Tuesday, April 21, 2015

30 Minutes in Baltimore - The Death of Freddie Gray

Freddie Gray, 25, died Sunday
Brooklyn. Queens. Philadelphia. Cleveland. Ferguson. Chicago. Miami. San Francisco. Los Angeles. Charleston. Tulsa.

The list of American cities where unarmed African-American boys and men have lost their lives during encounters with members of law enforcement doesn't seem to keep pace with prosecutions of those police officers responsible for unjustified use of deadly force.

Will that change with the city of Baltimore now that the disturbing case of Freddie Gray has been thrust into the media spotlight?

From the terse, guarded statements released by Baltimore PD, it's going to take time to unravel the truth.

The facts are still murky, but as you've probably heard the end result is all too clear; and shocking by any standards of a modern civilized society.

At 8:54am on Sunday April 12th Gray was arrested by members of the Baltimore PD mounted on bicycles before being transferred to a police wagon to be transported to the police station three blocks away.

At 9:24am police called paramedics to the police station of the western district where Gray was found with three broken vertebrae in his neck; a neck injury so severe it almost severed his spinal cord.

He lapsed into a coma and eventually died in the hospital this past Sunday April 19th.

So what happened during the 30 minutes when Gray was locked in the back of that police wagon?

According to an article by Justin Fenton and Jessica Anderson posted on the Website of the Baltimore Sun earlier this evening, the Baltimore police are still being vague about why they arrested Gray in the first place.

In documents filed with the district court, officer Garret Miller states that officers chased Gray after he, "fled unprovoked upon noticing police presence."

Not to be flippant, but given the recent high-profile deaths of any number of young black men at the hands of police, and given Baltimore PD's tense relationship with the largely African-American community it serves, is it really surprising that Freddie Gray ran?

Police statements offer the usual assortment of "facts" typically offered up to justify excessive use of force or a violation of a defendant's rights. We've yet to hear from the four officers involved in the incident; perhaps they "felt threatened".

In a press conference, deputy police commissioner Jerry Rodriguez stated that Gray was in a high-crime area where drug trafficking was known to occur; so not only are some Baltimore residents trapped in a cycle of poverty, their being locked by geographic and economic boundaries in high-crime neighborhoods is in itself, justification for police to stop them. 

Was Freddie Gray criminalized simply for walking around in his neighborhood?

Once he was stopped, police claim to have found a switchblade knife clipped to the INSIDE of his pants pocket; so he was arrested.

Is there any proof the knife was his? If it did belong to Gray, by the police's own statement, it wasn't even visible when they saw him.

And even if it was his knife, if you've watched HBO's groundbreaking series "The Wire" anyone walking through Baltimore's west side would probably be carrying something to protect themselves.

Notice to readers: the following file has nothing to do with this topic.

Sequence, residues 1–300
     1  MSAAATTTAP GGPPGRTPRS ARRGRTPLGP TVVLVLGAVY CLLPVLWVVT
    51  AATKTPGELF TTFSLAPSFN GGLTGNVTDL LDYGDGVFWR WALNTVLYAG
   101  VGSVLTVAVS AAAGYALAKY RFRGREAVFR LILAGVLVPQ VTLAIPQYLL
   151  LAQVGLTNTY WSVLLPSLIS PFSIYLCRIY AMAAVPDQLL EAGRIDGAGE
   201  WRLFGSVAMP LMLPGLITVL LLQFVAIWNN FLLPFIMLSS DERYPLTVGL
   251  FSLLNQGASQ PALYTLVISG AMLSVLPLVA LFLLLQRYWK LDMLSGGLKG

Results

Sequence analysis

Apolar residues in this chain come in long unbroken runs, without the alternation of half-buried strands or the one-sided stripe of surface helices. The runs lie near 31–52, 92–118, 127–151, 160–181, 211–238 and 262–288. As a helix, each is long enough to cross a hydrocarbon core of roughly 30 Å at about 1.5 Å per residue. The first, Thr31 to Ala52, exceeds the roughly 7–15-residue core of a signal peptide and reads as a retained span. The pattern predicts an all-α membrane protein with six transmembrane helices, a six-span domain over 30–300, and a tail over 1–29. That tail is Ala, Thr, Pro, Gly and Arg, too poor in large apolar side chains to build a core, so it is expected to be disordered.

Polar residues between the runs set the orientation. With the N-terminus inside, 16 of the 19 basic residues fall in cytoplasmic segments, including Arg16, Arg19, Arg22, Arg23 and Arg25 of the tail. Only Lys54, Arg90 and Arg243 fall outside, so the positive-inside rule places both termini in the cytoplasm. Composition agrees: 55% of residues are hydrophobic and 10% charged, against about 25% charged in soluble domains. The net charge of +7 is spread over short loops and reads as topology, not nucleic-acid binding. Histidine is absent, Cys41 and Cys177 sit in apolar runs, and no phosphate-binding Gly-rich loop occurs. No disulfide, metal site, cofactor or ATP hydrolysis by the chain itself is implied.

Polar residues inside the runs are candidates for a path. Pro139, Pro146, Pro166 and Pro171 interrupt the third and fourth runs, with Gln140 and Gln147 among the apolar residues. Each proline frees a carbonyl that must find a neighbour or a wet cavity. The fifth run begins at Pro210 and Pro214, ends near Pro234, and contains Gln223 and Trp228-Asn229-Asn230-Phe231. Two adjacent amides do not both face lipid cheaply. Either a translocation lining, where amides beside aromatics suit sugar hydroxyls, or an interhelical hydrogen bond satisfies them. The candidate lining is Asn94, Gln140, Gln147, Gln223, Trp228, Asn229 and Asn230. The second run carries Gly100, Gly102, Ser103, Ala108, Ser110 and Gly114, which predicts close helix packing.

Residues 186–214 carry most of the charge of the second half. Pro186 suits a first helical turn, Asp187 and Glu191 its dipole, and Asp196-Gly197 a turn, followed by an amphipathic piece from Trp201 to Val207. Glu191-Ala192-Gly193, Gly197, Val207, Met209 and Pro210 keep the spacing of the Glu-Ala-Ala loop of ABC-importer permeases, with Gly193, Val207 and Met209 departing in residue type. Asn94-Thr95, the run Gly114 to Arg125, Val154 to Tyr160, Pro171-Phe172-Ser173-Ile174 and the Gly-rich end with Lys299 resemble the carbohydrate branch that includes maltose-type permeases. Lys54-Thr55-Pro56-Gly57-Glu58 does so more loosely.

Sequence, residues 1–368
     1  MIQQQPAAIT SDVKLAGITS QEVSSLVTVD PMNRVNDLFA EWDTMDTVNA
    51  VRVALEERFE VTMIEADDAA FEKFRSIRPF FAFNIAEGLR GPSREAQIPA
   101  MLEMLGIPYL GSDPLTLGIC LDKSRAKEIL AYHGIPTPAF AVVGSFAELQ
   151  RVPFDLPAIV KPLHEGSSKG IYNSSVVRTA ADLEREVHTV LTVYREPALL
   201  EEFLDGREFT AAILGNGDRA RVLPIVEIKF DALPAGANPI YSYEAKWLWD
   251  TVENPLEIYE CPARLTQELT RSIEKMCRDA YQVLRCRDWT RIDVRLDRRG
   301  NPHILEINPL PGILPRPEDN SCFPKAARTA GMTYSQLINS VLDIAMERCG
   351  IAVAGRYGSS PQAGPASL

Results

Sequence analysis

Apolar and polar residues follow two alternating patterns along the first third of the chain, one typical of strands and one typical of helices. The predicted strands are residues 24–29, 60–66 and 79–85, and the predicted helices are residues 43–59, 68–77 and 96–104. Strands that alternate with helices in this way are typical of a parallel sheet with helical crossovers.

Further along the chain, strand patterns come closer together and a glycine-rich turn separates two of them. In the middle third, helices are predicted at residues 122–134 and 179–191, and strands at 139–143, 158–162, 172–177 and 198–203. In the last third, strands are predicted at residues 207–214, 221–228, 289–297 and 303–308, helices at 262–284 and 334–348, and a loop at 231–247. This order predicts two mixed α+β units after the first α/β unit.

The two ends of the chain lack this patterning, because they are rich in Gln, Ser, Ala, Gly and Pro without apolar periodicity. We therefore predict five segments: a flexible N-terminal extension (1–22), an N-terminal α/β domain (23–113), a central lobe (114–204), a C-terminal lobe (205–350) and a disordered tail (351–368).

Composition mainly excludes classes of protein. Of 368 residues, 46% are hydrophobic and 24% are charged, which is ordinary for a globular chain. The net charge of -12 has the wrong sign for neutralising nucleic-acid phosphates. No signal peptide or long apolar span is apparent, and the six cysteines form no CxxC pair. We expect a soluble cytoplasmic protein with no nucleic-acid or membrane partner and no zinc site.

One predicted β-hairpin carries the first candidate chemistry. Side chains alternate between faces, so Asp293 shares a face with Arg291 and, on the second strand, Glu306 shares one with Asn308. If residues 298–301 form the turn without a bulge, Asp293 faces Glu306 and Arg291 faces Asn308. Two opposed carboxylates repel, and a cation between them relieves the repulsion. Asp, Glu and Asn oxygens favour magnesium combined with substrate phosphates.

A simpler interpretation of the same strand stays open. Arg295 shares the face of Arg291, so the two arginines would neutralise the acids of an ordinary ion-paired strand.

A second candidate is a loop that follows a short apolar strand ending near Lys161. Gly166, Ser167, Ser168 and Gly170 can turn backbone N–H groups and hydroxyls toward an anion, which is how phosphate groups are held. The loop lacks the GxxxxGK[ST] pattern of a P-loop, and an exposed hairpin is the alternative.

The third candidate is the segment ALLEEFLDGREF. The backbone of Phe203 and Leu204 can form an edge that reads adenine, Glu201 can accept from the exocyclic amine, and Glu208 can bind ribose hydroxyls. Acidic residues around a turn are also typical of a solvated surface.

Regardless the police court statement goes on to state that, "The defendant was arrested without force or incident...During transport to Western District via wagon transport the defendant suffered a medical emergency and was immediately transported to Shock Trauma via medic."

Remember, he was arrested three blocks from the station; what were the police doing for 30 minutes with Gray already handcuffed and locked in the back of the police wagon?

According to members of his family who saw him in the hospital last week, Gray's voice box was damaged and his brain was swollen.

Gray's lawyer, William Murphy, Jr., speaking on behalf of the family said, “We believe the police are keeping the circumstances of Freddie’s death a secret until they develop a version of events that will absolve them of all responsibility.”

Until the truth comes out those 30 minutes Freddie Gray spent in the back of that police van are essentially "missing" in time.

At least one of the four Baltimore police officers who've been placed on desk duty knows what happened but unfortunately the wheels of justice turn slowly when it's the word of four cops against a dead black defendant in this nation.

But the wheels do turn. For the sake of justice and the rule of law, hopefully technology (video, CCTV, radio transmissions or cell phone video), science, facts and a visible public outcry will allow the dead to speak.

And while the Baltimore PD will try to vilify him and slander his character, hopefully the media will help remind the public that this victim of such horrific and unexplainable violence was a son, the brother of a twin sister and a friend; a 25 year-old guy who loved to joke around and was generous to those he knew.

The fact that Freddie Gray won't have an opportunity to testify about those 30 minutes in the back of that police wagon is not only a sad measure of the state of law enforcement in America, it offers us insight into how black humanity is perceived - and the value of black life in the 21st century here in the greatest nation in the world.

I think a quote from his distraught sister Carolina sums it up best, “If someone has surrendered and you’ve put the handcuffs on him, what is the point of you beating them?"

That's a question we can ask, but the law enforcement community and the court system in this country is going to have to provide the answer.

And it's going to take a lot longer than 30 minutes.

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